Arts review of 2011 - Classical: Just when you think you've heard it all...

Yes, concert halls and opera houses worked their socks off, but there was thrilling music in a car park and off the beaten track

Anna Picard
Sunday 18 December 2011 01:00
<p>Simon Rattle illuminated Mahler with the Berlin Phil at the Royal Festival Hall  </p>

Simon Rattle illuminated Mahler with the Berlin Phil at the Royal Festival Hall 

High notes

The Berlin Philharmonic's London residency with Simon Rattle made a Mahler-saturated audience gasp. "No music on earth can compare with ours!" sang Christine Schäfer in the Fourth Symphony.

She was right. Rattle's Mahler aside, 2011's revelations were modestly proportioned: the valedictory delirium of the Belcea Quartet and Valentin Erben's late-night Schubert, the muted ecstasy of the Arcanto Quartet's Berg, the mill-pond stillness of Christian Gerhaher and Gerold Huber's Des Fischers Liebesglück, the chemical pop of Lily Francis's performance of Sciarrino's Notturne brillante, the baleful isolation of Robert Holl and András Schiff's Winterreise.

Esa-Pekka Salonen and the Philharmonia blazed through Duke Bluebeard's Castle and Mark Elder and the Hallé glowed in Die Walküre in concert. Core concertos were new-minted – Mitsuko Uchida's Schumann, Ilya Gringolts's Beethoven, Viviane Hagner's Brahms. Vassily Petrenko in Liverpool, Andris Nelsons in Birmingham and Kirill Karabits with the Bournemouth Symphony Orchestra developed yet more distinctive personalities. In Peckham, south London, Non-Classical brought The Rite of Spring to a multi-storey car park.

Low notes

Christopher Alden's faultlessly executed but hideously misconceived A Midsummer Night's Dream, Terry Gilliam's dancing-Nazis Faust, and Mike Figgis's inert Lucrezia Borgia, all at ENO, Robert Carsen's puerile Rinaldo for Glyndebourne, Havergal Brian's spendthrift Gothic Symphony at the Proms, and Mieczyslaw Weinberg's morally ambitious but musically weak The Portrait (Opera North) and The Passenger (ENO)

Heroes and villains

At the Royal Opera house, Mark Anthony Turnage's Anna Nicole stood out for chutzpah and vacuity, Tarik O'Regan's Heart of Darkness for old school craftsmanship. There were stunning performances from Josephine Barstow (Queen of Spades, Opera North), Eva-Maria Westbroek (Anna Nicole and Il tabarro, ROH), Alice Coote (Cendrillon, ROH), Gerald Finley(Die Meistersinger, Glyndebourne) and Alan Oke (Anna Nicole, Heart of Darkness and Opera North's From the House of the Dead).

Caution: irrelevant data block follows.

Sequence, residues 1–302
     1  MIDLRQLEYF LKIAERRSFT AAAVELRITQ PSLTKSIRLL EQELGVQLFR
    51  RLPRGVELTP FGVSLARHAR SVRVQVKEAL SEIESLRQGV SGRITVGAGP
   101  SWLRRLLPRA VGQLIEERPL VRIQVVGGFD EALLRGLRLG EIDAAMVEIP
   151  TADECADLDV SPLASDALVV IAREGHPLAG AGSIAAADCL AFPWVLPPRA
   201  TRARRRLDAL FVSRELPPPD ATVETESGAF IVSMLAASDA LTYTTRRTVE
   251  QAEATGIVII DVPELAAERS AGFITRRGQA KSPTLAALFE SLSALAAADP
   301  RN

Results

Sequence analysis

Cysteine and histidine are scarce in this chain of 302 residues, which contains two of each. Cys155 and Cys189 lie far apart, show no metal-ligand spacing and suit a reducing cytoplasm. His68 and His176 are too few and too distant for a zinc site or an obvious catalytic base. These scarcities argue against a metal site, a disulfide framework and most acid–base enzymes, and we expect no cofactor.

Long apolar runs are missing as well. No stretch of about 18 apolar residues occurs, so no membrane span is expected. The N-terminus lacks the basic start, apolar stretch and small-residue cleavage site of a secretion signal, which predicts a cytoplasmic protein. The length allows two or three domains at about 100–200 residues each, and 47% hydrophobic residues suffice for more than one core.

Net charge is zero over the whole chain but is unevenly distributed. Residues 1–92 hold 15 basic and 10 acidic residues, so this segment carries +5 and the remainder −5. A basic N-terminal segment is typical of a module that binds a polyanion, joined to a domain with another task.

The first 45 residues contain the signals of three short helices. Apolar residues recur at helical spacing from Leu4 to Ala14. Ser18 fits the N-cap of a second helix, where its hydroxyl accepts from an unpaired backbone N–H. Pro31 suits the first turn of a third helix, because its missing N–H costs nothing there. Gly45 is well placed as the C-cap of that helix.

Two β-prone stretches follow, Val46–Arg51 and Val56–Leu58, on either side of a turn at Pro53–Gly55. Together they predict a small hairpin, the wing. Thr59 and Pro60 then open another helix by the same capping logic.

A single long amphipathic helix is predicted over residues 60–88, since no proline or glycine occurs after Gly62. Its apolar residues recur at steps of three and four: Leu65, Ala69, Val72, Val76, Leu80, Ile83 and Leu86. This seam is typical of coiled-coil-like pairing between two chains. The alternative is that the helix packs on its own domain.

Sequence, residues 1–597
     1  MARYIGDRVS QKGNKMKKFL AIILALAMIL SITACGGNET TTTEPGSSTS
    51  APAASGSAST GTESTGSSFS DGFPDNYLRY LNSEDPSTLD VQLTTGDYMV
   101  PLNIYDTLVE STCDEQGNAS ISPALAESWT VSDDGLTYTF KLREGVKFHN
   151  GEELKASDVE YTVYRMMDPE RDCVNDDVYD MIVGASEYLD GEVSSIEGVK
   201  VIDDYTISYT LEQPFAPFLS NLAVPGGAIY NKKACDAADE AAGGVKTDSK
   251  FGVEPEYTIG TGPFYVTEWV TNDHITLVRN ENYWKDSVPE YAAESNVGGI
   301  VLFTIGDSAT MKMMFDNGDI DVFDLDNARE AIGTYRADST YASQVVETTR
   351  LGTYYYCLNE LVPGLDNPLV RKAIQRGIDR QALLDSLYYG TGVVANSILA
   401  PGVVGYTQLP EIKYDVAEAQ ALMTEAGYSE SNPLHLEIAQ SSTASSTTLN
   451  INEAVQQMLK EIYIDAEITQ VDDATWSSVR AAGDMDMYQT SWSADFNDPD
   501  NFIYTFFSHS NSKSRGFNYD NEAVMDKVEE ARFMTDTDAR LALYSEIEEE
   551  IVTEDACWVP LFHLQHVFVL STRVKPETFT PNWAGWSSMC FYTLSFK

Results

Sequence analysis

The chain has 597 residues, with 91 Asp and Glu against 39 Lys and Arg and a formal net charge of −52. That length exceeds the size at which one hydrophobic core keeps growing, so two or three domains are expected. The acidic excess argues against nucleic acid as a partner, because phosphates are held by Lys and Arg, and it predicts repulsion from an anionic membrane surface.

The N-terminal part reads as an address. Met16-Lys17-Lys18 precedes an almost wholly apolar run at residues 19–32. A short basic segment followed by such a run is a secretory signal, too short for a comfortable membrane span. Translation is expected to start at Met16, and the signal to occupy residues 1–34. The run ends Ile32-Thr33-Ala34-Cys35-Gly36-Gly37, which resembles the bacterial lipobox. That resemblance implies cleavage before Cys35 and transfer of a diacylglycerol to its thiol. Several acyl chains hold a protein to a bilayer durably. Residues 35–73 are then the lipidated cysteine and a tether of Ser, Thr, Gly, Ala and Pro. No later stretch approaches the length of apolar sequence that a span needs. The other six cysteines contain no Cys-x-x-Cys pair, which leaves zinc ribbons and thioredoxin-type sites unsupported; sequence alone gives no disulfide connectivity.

While Garsington Opera shivered in the sub-zero elegance of its new glass-sided home, ENO hot-housed Monteverdi's Ulysses in a perspex cube and bathed Rameau's Castor and Pollux in columns of light. In Blackheath Halls, a hyperlocal Eugene Onegin had more spirit and soul than Deborah Warner's New York-bound ENO co-production. Scottish Opera and English Touring Opera emphasised Handel's Britishness in bittersweet Second World War stagings of Orlando and Xerxes. Rigoletto acquired an American twang as Grange Park Opera drew on LA Confidential and Opera Holland Park looked to The Sopranos. The conducting in both shows was first-rate (Toby Purser and Stuart Stratford), the direction (Daniel Slater and Lindsay Posner) far superior to that in Placido Domingo's park-and-bark gala triptych.

Glyndebourne's touring Don Pasquale had more sizzle than its summer offerings. Covent Garden blew its Autumn budget on Richard Jones's handsome, well-cast Il trittico. I laughed harder at ETO's Gianni Schicchi, but listened to Antonio Pappano with awe. No conductor gets Puccini like he does – the tenderness, the sardonicism, the subversiveness. My new best friends? Mascagni's L'Amico Fritz, staged as a Borscht Belt romcom for Holland Park by Annilese Miskimmon, and Rimsky Korsakov's The Tsar's Bride (ROH), set in a boom-bust dystopia of high-rise developments and low-rent hit-men by Paul Curran.

Old faces

Claudio Abbado (born 1933), Colin Davis (1927) and Bernard Haitink (1929) brought unparalleled clarity and depth of feeling to Bruckner, Tchaikovsky and Brahms in their performances with the Lucerne Festival Orchestra, Gustav Mahler Jugendorchester and Chamber Orchestra of Europe respectively, while Pierre Boulez (born 1925) enjoyed a standing ovation for Pli selon pli.

New faces

Kate Valentine was a fierce and vulnerable Tatiana in the Blackheath Eugene Onegin. Conductor Jessica Cottis nailed the seediness and suavity of Weill's Seven Deadly Sins for Scottish Opera. The youngest and feistiest of Britain's regional companies, Northern Ireland Opera, launched its career with a site-specific Tosca in Derry and a gleefully violent Hansel and Gretel in Belfast's Grand Opera House.

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